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Hi Blog. Here’s a nice write-up about a group called the Asian People’s Friendship Society, which is doing a very important thing: Helping NJ help each other. Up until now, we’ve generally had Japanese helping NJ assimilate into Japan, even though, however well-intentioned Wajin are, many if not most have little idea what it’s like to be a foreigner in Japan, or understand practically what it’s like to become a member of society when they always have been one. Now this group is having longer-term NJ help shorter-term NJ learn the ropes. It’s far better than the alternative frequently found in many NJ tribes, particularly the elite ones that enjoy Wajin Privilege, of oldcomers cutting newbies no slack — because apparently nobody ever cut the oldcomers any. Fine, but that’s not helpful at all. Let’s hope groups like the APFS break that vicious circle, and enable NJ to control their own agenda and thus their own lives in Japan. Dr. ARUDOU, Debito
Group drawing on long-term foreign residents to help newcomers navigate life in Japan
by Tomohiro Osaki, Staff Writer
The Japan Times, Jan 10, 2017 (excerpt)
Foreign residents in Japan may be at a disadvantage in some ways, but they are by no means powerless nor on their own, says Tokyo-based nonprofit organization Asian People’s Friendship Society (APFS).
In a recently launched program series, the organization is nurturing a new group of volunteers it calls “foreign community leaders” who will assist fellow non-Japanese trying to navigate life amid a different and foreign culture.
“Long-term foreign residents have incredible know-how on how to get by in their everyday lives in Japan,” says Jotaro Kato, the head of APFS. “I want people to know that there are foreigners out there who can speak perfect Japanese” and who can provide guidance if needed.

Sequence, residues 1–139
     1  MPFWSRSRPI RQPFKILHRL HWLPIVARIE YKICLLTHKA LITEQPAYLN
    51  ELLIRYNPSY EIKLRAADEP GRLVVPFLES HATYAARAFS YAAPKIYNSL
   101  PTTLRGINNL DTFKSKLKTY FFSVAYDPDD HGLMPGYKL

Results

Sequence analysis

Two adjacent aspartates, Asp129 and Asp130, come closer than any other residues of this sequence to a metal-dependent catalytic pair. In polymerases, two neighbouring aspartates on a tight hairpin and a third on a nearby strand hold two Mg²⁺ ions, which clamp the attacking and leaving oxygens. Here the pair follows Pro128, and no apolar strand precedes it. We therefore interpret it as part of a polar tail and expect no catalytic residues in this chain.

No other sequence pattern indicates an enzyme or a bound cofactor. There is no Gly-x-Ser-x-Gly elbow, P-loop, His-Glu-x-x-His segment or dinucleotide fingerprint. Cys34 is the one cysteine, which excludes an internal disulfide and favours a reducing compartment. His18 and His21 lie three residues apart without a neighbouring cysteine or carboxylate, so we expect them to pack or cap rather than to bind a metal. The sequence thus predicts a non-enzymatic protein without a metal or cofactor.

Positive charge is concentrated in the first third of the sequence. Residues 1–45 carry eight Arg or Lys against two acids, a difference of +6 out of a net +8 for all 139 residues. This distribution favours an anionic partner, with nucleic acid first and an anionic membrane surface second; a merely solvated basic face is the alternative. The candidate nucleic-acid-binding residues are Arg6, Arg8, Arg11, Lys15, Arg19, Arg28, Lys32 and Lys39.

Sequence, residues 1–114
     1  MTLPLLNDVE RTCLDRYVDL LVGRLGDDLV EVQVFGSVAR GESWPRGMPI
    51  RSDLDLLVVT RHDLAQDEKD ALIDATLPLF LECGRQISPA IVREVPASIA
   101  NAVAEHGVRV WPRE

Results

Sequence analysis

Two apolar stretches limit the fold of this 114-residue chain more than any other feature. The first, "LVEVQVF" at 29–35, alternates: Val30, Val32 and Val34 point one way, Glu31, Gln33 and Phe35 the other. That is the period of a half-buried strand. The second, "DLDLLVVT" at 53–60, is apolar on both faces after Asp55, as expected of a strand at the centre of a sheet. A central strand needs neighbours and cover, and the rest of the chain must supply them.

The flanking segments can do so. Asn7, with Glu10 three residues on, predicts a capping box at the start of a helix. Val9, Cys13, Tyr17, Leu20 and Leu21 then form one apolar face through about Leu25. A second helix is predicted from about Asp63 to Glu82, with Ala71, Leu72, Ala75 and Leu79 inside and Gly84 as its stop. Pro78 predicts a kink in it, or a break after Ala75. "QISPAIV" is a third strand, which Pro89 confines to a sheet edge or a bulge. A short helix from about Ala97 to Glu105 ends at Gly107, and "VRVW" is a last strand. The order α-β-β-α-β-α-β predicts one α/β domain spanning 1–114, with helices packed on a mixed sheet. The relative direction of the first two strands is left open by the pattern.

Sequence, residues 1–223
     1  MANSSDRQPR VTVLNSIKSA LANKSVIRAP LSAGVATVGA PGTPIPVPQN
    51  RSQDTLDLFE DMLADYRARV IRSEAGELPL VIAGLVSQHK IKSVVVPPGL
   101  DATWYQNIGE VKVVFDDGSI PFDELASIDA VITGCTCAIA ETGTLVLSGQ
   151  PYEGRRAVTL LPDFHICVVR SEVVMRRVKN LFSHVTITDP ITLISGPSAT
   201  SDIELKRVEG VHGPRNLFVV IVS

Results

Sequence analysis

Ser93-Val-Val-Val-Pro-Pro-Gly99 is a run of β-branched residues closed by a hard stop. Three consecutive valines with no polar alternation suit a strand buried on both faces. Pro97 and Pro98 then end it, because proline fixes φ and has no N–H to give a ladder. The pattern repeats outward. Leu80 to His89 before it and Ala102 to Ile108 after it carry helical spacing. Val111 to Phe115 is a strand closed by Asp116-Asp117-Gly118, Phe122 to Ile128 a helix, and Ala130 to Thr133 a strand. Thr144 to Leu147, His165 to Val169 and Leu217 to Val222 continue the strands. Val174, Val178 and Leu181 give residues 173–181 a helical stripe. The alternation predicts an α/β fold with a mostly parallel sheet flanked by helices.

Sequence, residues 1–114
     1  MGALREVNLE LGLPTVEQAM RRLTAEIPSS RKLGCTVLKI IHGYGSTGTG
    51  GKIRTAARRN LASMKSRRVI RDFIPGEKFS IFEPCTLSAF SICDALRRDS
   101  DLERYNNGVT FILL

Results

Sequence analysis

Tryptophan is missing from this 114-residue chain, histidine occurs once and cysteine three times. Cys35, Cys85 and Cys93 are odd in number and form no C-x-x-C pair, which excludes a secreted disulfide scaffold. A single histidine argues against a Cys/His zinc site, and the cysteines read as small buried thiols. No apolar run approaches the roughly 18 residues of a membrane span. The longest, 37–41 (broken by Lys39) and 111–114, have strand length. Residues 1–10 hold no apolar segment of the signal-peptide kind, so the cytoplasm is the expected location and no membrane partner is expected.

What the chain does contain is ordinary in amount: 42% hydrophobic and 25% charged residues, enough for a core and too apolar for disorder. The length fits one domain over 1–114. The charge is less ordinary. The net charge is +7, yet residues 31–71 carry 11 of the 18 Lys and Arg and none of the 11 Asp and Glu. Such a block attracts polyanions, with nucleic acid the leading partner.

Targeting long-term foreign residents with a high level of proficiency in the Japanese language, the 30-year-old organization is spearheading the project to groom such veterans so they can help newcomers overcome a variety of everyday obstacles, such as dealing with language barriers, cultural differences and visa conundrums.
For its part, APFS has organized a series of lectures and workshops that are currently taking place every other Saturday in a community hall in Itabashi Ward, Tokyo, in which experts from many different fields discuss topics important to foreign residents. The issues covered include visa problems, labor laws, the welfare system and translation problems. […]
Particularly thought-provoking, she said, was a lecture on Japanese school education, which taught the class that the government essentially discriminates against foreign pupils by not making their enrollment compulsory, but merely “allowing” them to go to public school on a voluntary basis.
“This is the root of many problems, I think,” she said.
Further details are available at http://www.apfs.jp/
Full JT article at http://www.japantimes.co.jp/news/2017/01/10/national/group-drawing-long-term-foreign-residents-help-newcomers-navigate-life-japan/
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